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Differential Op-Amp

Discussion in 'Electronics Homework Help' started by kamalmouawad, Apr 27, 2020.

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  1. kamalmouawad

    kamalmouawad

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    Apr 27, 2020
    What are the formulas of the following in an non-ideal differential op-amp in terms of resistors:

    Ad=?
    Ac=?
     
  2. Harald Kapp

    Harald Kapp Moderator Moderator

    11,009
    2,506
    Nov 17, 2011
    What is Ad? What is AC?
    Might be differential gain and common mode gain, but might be something completelx different.


    Show us the related circuit diagram. Equations are useless without a reference.
     
  3. kamalmouawad

    kamalmouawad

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    Apr 27, 2020
    Capture.JPG Yes the differential and common gain in NON IDEAL in terms of Resistors
     
  4. Harald Kapp

    Harald Kapp Moderator Moderator

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    Nov 17, 2011
    You can expect good guidance from us, but we will not do your homework.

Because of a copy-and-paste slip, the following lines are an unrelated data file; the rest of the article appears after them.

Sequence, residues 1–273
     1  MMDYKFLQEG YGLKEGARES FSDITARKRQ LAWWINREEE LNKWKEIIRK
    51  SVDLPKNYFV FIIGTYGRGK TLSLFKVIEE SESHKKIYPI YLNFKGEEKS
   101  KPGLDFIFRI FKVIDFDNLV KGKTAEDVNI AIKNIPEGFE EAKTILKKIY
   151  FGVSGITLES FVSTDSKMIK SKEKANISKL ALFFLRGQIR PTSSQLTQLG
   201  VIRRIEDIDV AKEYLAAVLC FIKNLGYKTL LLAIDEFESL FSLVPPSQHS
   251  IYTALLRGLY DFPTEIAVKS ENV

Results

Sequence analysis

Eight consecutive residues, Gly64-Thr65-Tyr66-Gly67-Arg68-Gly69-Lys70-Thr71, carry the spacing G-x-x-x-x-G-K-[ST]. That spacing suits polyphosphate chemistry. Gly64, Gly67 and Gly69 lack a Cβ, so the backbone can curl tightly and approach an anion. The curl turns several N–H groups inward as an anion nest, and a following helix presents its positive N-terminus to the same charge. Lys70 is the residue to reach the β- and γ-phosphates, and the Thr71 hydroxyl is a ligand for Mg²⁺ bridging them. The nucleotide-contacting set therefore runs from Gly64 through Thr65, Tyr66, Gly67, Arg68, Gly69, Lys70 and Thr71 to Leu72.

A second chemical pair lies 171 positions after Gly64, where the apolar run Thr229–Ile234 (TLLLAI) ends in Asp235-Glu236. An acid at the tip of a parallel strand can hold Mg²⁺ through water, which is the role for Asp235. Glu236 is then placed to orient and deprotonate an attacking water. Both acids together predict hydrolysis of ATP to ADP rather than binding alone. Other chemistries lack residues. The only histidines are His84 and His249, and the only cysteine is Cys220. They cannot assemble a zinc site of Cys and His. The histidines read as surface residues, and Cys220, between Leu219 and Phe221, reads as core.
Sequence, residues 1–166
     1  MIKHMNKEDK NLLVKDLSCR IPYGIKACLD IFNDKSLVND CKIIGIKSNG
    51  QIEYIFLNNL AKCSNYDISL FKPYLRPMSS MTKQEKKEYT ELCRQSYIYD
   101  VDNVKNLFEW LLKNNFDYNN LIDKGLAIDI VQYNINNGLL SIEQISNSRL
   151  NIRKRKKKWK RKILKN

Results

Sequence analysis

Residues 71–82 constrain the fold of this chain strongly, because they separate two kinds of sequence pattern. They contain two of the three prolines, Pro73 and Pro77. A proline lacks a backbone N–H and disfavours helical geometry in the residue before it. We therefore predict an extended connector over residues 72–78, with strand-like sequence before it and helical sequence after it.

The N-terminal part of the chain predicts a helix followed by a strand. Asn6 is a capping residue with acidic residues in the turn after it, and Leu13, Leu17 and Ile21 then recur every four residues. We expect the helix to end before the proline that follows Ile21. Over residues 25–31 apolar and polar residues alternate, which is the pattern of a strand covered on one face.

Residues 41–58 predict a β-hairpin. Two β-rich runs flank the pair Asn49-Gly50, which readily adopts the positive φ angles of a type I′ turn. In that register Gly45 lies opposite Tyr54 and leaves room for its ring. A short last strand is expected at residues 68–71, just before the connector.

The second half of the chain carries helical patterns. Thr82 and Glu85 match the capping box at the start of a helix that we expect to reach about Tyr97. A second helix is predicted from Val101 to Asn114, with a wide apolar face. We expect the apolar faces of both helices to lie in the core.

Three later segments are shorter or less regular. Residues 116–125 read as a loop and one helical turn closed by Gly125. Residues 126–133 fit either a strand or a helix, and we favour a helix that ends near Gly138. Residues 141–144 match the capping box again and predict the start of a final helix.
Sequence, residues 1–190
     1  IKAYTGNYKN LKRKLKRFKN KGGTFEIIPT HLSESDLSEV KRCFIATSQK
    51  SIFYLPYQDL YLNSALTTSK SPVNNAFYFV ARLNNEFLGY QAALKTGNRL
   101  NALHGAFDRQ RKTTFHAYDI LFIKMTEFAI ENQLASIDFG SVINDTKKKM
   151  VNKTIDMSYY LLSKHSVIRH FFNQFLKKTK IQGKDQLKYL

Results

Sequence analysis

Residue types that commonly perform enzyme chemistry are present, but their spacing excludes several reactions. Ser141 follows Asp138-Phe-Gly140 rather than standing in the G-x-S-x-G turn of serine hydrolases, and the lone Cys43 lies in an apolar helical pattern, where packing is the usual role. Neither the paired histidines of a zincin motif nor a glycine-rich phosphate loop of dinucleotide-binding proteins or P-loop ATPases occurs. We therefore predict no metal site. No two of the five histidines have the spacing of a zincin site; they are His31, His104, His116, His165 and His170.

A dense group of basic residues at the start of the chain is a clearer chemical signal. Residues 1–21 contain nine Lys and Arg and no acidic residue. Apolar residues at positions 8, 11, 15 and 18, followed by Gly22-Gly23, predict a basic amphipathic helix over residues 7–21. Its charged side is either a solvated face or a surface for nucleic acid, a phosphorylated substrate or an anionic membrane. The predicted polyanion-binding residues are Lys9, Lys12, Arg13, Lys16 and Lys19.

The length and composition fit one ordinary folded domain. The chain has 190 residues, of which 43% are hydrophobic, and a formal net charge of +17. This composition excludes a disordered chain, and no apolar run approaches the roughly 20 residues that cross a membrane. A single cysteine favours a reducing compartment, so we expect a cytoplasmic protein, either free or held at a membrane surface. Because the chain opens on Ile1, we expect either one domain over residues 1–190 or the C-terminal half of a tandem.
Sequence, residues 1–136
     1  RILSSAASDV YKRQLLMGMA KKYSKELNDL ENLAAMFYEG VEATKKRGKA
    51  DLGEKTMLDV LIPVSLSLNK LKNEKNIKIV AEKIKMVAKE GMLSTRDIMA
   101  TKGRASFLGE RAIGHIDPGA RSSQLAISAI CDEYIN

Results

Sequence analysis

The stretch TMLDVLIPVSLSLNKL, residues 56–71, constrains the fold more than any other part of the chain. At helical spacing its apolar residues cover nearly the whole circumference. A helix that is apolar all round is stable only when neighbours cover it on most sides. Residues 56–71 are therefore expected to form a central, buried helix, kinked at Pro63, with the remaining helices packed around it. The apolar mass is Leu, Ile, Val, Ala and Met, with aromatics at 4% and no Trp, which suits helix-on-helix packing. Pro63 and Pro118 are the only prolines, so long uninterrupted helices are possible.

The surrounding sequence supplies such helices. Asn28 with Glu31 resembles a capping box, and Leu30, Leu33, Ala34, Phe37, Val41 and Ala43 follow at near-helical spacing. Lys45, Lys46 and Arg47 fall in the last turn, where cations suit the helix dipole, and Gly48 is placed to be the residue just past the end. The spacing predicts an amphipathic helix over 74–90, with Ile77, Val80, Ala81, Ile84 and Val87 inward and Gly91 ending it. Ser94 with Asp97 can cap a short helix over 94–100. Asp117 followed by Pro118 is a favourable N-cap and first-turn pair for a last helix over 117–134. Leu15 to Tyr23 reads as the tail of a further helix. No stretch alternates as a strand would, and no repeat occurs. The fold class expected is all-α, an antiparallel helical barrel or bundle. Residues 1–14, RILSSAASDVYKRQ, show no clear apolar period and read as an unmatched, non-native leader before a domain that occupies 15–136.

The relevant equations can be found all over the internet. What work/research have you done so far? Show us your efforts and results.
    It is simply not possible that you haven't found these equations. relevan serach terms "op amp differential amplifier common mode gain" will turn up results.
     
  5. hevans1944

    hevans1944 Hop - AC8NS

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    Jun 21, 2012
    @kamalmouawad: You have provided an application circuit that uses an "ideal" op-amp to convert the differential signals VI1 and VI2 to the single-ended output signal Vo, referenced to ground. This circuit is commonly used with two other op-amps to create an instrumentation amplifier with high-impedance differential inputs, low-impedance differential output, high common mode rejection ratio, and adjustable gain that can be set by the value of a single resistor. Your circuit then performs a differential to single-ended conversion, usually without additional gain.

    When non-ideal (un-matched) resistors are used, the CMRR (Common Mode Rejection Ratio) of the three op-amp circuit can be destroyed because an unbalanced Wheatstone bridge can exist, formed by R1, R2, R3, and R4, whose unbalanced output at the junctions of R1, R2 and R3, R4 (as a result of a common-mode signal provided at the two inputs) is amplified by the open-loop gain of the "ideal" op-amp.

    As @Harald Kapp has stated, we will help you but we will not do your homework. The three op-amp instrumentation amplifier is a classic circuit that has been studied in great detail with results published all over the Internet. It's greatest implementation fault occurs in the circuit you provided when so-called "NON IDEAL" or unmatched resistors are used.
     
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